Young poet

15th September 2000 at 01:00
Leila Benarous, 15, Ainsdale high school, Southport

Sorry Sorry.....

for stamping and squashing your flowers but your great, big dog was barking at me in the early hours.

I had nowhere else to turn but be faced with Ogun.

I like the directness and simplicity here. We are brought straight into a powerful visual image: "stampingand squashingyour flowers..."

In five words we have a picture of a temper outburst, human irrationality and all the associated questions, including why? We are not left dangling, though. The isolation of "great,big dog" on their own lines communicates force and restraint, the words are spat out. My only quibble is the comma after "great" - it is inconsistent and shows the importance of punctuation in poetry.

That apart, we have an entire narrative outlined in 20 words: the night before, the resulting anger and frustration, the protagonists.

It is in the final four lines that the poem's alchemy works. There is desperation in: "I had nowhere else to turn..." but then we're faced with the image of Ogun, the Yoruban god of metal and warfare in Nigeria mythology. Using this name suggests the speaker could summon this supernatural force.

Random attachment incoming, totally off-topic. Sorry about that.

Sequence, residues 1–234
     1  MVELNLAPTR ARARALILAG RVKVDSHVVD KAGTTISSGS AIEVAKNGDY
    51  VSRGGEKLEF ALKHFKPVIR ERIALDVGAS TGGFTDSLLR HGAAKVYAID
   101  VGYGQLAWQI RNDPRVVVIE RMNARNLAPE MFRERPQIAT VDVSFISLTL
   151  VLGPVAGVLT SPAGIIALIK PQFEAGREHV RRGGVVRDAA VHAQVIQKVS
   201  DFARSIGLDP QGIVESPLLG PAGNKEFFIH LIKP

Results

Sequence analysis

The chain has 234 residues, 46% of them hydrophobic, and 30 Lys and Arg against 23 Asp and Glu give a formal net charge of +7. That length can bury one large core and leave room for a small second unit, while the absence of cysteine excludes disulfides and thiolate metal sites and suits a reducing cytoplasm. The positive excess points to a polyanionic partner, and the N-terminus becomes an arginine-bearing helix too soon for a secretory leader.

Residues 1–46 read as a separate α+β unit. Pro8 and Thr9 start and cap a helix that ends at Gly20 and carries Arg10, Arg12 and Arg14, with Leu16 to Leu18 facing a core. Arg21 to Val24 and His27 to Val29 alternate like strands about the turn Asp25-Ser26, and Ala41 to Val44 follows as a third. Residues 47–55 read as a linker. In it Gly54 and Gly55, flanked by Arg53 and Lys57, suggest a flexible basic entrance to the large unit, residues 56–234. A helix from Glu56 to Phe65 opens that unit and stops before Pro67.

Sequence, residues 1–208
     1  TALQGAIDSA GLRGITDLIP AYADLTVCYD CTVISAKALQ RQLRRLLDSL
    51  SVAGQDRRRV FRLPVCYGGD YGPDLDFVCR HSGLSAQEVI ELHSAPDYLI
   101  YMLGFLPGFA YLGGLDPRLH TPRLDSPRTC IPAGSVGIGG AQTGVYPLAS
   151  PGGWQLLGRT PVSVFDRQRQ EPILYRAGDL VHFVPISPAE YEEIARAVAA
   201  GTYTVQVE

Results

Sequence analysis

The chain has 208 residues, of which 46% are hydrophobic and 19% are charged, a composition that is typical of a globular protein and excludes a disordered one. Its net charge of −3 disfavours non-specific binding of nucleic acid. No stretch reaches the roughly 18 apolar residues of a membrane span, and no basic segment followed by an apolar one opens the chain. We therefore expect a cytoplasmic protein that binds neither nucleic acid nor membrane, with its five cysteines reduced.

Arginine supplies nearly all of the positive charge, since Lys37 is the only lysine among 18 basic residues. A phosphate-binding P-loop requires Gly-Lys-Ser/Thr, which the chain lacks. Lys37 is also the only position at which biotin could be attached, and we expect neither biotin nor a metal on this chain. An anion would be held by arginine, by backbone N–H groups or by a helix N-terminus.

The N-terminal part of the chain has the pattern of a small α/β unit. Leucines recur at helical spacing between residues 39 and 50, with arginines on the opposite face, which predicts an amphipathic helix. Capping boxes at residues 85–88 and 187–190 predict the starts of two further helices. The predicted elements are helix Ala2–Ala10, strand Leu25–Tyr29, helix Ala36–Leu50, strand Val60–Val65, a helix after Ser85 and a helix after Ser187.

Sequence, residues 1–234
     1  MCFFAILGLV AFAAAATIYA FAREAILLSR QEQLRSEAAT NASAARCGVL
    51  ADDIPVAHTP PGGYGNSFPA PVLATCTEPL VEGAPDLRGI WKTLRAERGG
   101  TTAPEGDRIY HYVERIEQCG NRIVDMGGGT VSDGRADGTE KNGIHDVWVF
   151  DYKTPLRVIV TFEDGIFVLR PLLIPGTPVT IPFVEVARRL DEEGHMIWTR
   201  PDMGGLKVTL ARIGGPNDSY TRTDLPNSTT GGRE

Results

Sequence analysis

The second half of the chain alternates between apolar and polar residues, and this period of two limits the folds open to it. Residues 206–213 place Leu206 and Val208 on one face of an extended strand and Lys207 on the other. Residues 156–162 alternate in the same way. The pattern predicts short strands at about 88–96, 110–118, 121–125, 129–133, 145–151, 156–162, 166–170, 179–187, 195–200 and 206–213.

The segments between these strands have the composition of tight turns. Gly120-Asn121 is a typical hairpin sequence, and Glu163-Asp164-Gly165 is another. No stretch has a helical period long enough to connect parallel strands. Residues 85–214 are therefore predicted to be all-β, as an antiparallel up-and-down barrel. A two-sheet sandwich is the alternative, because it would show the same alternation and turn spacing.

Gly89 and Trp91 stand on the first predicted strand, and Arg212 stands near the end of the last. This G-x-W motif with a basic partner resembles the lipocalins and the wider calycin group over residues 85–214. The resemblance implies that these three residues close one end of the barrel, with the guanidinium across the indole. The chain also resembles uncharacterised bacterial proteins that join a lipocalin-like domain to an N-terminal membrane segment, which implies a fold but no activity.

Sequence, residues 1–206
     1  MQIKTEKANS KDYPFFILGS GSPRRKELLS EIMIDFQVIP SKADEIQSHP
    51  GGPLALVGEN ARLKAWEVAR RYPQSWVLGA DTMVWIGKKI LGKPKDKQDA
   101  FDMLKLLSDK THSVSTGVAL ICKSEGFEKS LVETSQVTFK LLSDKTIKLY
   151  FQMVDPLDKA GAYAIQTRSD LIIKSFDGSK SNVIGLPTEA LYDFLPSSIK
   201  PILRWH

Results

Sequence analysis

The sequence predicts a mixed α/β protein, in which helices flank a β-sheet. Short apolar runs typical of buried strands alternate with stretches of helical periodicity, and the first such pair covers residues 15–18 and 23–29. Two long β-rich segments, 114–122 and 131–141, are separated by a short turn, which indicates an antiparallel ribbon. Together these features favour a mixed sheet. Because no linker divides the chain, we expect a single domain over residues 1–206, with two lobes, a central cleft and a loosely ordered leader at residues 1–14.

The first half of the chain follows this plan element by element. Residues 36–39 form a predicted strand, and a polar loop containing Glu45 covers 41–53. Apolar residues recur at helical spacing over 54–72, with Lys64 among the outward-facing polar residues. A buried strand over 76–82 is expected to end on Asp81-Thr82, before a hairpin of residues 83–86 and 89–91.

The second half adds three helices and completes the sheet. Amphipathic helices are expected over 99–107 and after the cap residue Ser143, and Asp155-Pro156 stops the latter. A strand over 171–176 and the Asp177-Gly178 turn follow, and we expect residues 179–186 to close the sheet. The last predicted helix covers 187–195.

So you go back to the beginning to find a reversal of sympathies. This narrator was restrained: instead of summoning the god of war, she inflicted her fury on a flowerbed. I like poems that can bring in the mythical so skilfully. This one makes the reader do some work, but it is not obscure. What a good example of how sorry can mean the exact opposite. This is not an apology, it is a warning.

Jackie Wills

Leila Benarous receives Emergency Kit, edited by Jo Shapcott and Matthew Sweeney (Faber). Her poem was submitted by Annette Grilli. Jackie Wills is poet-in-residence at Lever Brothers in Kingston upon Thames. Her second collection, Party, is published in October (Leviathan). Her first, Powder Tower, was shortlisted for the 1995 T S Eliot Prize. Please send poems, no longer than 20 lines, to Friday magazine, The TES , Admiral House, 66-68 East Smithfield, London E1W 1BX. Include the poet's name, age and address, the name of the submitting teacher and the school address. Or email:

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